Comment on "the effect of a community-based, primary health care exercise program on inflammatory biomarkers and hormone levels''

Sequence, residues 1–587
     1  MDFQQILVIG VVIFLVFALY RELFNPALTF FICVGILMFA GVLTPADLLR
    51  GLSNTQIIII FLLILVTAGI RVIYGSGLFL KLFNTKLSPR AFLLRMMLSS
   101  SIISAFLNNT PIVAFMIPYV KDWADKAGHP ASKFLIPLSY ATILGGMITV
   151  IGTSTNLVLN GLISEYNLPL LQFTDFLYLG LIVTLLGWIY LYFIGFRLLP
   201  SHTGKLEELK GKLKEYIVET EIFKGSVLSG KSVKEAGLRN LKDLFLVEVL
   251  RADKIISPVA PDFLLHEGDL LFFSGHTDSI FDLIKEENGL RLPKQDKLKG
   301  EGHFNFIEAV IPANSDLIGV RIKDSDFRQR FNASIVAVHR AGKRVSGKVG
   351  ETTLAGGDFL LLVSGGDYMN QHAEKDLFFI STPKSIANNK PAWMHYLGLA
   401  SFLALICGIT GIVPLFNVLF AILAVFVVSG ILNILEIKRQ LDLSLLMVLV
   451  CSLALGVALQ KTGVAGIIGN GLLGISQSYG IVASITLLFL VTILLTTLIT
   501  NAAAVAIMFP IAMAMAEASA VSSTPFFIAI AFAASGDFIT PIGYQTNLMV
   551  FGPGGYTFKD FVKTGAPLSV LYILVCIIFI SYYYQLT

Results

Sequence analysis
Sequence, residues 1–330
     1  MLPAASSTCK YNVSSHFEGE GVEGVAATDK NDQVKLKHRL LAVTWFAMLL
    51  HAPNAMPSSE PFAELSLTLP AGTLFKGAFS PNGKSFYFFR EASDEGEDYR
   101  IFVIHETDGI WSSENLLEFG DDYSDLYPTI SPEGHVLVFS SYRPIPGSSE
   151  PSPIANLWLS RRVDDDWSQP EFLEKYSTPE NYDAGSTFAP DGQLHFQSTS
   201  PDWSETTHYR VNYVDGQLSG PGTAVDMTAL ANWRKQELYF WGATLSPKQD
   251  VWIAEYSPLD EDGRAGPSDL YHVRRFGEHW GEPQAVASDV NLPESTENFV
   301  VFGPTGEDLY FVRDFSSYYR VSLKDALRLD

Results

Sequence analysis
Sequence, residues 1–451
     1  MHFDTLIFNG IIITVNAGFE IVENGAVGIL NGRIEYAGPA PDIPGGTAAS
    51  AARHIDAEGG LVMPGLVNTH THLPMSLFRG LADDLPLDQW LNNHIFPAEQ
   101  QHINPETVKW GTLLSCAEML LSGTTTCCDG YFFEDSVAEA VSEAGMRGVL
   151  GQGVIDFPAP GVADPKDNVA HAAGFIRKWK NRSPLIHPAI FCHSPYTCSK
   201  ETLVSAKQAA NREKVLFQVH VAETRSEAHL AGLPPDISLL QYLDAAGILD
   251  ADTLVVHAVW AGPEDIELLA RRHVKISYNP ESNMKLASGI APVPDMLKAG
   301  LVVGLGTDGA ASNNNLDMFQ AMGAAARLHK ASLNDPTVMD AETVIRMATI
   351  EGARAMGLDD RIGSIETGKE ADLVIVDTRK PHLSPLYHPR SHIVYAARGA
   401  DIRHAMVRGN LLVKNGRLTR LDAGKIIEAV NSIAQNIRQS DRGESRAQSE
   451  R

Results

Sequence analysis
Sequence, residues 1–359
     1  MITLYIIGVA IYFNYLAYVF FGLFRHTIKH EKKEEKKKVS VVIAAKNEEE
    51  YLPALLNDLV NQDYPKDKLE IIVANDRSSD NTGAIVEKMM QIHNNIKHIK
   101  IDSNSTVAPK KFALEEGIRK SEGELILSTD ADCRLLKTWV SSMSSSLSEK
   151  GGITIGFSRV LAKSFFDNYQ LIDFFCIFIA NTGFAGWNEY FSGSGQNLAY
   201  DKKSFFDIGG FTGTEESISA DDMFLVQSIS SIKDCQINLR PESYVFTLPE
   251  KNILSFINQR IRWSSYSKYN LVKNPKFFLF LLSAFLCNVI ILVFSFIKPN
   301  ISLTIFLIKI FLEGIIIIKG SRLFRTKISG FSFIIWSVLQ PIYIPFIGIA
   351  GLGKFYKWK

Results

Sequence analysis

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We read with great interest the recent paper by C. B. Papini et al. in which the authors examined “impact of a communitybased exercise program in primary care on inflammatory biomarkers and hormone levels” in the 1-year quasiexperimental study . The authors very clearly discussed the relation between exercise and inflammation. They concluded that community-based exercise program can result in a decrease or maintenance of inflammatory biomarkers after 1 year, and it has the potential to be a viable public health approach for chronic disease prevention.This study displayed that public health exercise intervention delivered in lowincome communities has the potential to use a beneficial effect and improve or maintain inflammatory biomarkers profiles, supporting the prevention of chronic diseases. The authors did not discuss exclusion criteria in this paper. However it is well established that any type of systemic inflammation, autoimmune disorders, and malignant or chronic illnesses may affect inflammatory biomarkers and hormone levels . Also obesity is related to elevated serum levels of some inflammatory markers, such as leptin, TNF- ��, and CRP [3, 4]. Because of high prevalence of these conditions, we believe that these situations may have a role in the results of the paper by C. B. Papini et al.